I am always amazed at how consistently great Pixar is. I have seen every Pixar movie there is outside of “The Good Dinosaur,” and in my opinion, the only bad movie they have made is “Cars 2.” They constantly produce new and exciting worlds and produce highly compelling stories that tug at your heartstrings. With “Coco,” they have produced yet another great coming of age story mostly set in a brand-new world: the next one.
Before I get into the movie itself, I should add one note on the movie-going experience. One often-charming aspect of new Pixar movies is the short film they play each movie. They are often 5-10 minute films that tell a concise story and often range from decent to really great. So, when I went to see this movie I was completely caught off guard by the 22-minute slog that is “Olaf’s Frozen Adventure.” It was torture. I loved “Frozen,” but wow was this annoying and bad. Please see “Coco,” but show up 30 minutes late. Twenty minutes of previews followed by 22 minutes of Olaf quips and seven songs were not the best primer for “Coco.”
The movie “Coco” follows a young boy named Miguel. He is an aspiring musician and worships “the greatest musician who ever lived,” the late Ernesto De La Cruz. His dream of becoming a musician is complicated by the fact that his family has made music taboo for nearly 80 years. This is because Miguel’s great-grandmother, the titular Coco, was abandoned by her father to become a musician. This causes tension within the family, and it all comes to a head when his grandmother breaks his guitar, driving him to run away. When he tries to steal Ernesto’s legendary guitar, he is trapped in the afterlife, cursed but alive. The rest of the plot follows Miguel as he travels with his guide Héctor to find Ernesto in the afterlife so he can return home. Along the way, he learns a lot of lessons about family, life, death and himself. He also learns a lesson that we all should never meet our heroes.
Overall, it was a great movie. The music was good, the animation was beautiful, and the story was good. The trope of the person you are traveling with and forming a relationship with turning out to be a secret is fairly telegraphed but remains compelling. It is a trope done in stories such as “Kubo and the Two Strings” and “Eragon”. The movie was not as emotionally moving as “Inside Out” or “Up,” but there were still plenty of moving moments. It was a rock-solid movie that has very few holes in it.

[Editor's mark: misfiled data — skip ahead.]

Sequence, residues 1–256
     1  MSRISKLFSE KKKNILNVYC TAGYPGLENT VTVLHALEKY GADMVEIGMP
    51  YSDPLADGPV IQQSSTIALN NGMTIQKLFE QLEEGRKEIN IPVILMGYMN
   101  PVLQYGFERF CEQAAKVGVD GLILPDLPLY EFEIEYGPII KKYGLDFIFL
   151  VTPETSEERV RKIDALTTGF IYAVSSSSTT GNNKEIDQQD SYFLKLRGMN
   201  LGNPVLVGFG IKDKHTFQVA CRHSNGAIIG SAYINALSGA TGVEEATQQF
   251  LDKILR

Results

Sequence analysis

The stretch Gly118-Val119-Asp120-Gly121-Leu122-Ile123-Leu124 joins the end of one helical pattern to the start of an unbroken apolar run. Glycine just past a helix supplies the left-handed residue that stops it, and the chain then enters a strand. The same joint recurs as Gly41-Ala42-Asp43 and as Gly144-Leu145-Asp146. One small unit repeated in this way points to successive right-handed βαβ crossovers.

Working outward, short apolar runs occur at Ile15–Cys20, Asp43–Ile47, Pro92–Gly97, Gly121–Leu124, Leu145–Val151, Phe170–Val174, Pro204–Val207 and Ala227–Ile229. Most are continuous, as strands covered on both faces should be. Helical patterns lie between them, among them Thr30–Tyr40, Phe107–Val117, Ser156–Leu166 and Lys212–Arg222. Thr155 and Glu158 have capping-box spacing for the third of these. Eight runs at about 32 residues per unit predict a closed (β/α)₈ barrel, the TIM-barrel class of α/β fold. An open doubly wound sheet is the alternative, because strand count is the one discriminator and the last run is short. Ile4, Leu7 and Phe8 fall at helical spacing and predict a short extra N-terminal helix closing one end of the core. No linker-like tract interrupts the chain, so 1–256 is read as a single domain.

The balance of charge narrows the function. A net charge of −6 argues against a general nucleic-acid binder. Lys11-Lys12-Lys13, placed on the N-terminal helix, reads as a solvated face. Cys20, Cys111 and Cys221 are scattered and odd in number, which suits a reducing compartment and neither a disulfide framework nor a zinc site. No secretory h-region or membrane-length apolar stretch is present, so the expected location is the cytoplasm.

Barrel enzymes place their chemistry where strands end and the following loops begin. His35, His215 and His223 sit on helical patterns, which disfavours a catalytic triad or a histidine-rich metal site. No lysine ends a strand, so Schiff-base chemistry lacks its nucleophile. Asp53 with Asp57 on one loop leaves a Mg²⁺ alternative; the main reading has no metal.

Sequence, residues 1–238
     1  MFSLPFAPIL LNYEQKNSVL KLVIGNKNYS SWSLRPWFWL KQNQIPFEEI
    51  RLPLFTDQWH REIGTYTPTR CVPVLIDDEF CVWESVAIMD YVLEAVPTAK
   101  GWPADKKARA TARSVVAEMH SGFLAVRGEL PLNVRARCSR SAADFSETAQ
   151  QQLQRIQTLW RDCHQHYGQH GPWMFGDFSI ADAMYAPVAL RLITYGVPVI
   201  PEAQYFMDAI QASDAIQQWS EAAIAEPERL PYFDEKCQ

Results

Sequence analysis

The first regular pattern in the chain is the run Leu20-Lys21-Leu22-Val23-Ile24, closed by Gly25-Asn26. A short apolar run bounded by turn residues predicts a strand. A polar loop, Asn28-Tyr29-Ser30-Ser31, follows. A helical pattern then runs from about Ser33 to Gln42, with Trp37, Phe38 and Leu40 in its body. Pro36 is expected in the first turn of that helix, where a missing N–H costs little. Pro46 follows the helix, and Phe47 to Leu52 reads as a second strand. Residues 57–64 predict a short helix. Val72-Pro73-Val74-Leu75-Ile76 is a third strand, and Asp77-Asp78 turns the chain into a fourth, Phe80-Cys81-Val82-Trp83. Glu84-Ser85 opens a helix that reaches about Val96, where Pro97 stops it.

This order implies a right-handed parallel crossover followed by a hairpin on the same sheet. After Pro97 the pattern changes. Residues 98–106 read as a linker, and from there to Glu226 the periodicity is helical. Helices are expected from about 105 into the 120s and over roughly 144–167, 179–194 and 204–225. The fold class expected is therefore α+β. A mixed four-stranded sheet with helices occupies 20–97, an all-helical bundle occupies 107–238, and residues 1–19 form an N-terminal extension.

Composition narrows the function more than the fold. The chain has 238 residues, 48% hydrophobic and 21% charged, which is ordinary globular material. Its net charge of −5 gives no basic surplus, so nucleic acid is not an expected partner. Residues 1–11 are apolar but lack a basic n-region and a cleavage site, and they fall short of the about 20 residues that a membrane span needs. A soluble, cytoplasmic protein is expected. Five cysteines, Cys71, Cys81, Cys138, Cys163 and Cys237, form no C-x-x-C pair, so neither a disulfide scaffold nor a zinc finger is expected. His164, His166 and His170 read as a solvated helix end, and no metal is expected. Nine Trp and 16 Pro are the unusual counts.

One of the most interesting similarities in the Pixar films is who they choose to make their villains. They are not truly evil villains, but they are real ones. In 2017, these are the villains that we have been discovering in our own lives, with an almost overwhelming occurrence. It is certainly interesting that Pixar has been telling stories about these types of villains for so long.
Pixar has made it a gimmick to tell unexpected stories in settings and perspectives we have never seen before. The stories of living cars, living toys, sentient bugs, sentient rats, etc. What “Coco” does is something both similar and different. Instead of showing us a world they made up that we never see on screen, they show us one that exists that is rarely seen on screen. Historically, in film, Hispanic stories have been underrepresented, and this Pixar movie tells us a compelling story while also informing us more about another culture that exists in our real world. It makes for just as compelling a story as talking robots, and it is a welcome new perspective. Perhaps this is the new frontier in animated film storytelling, with the Pixar/Disney telling new stories from cultures from around the world with “Moana” and “Coco.” If they are anything like “Coco,” then I am looking forward to it.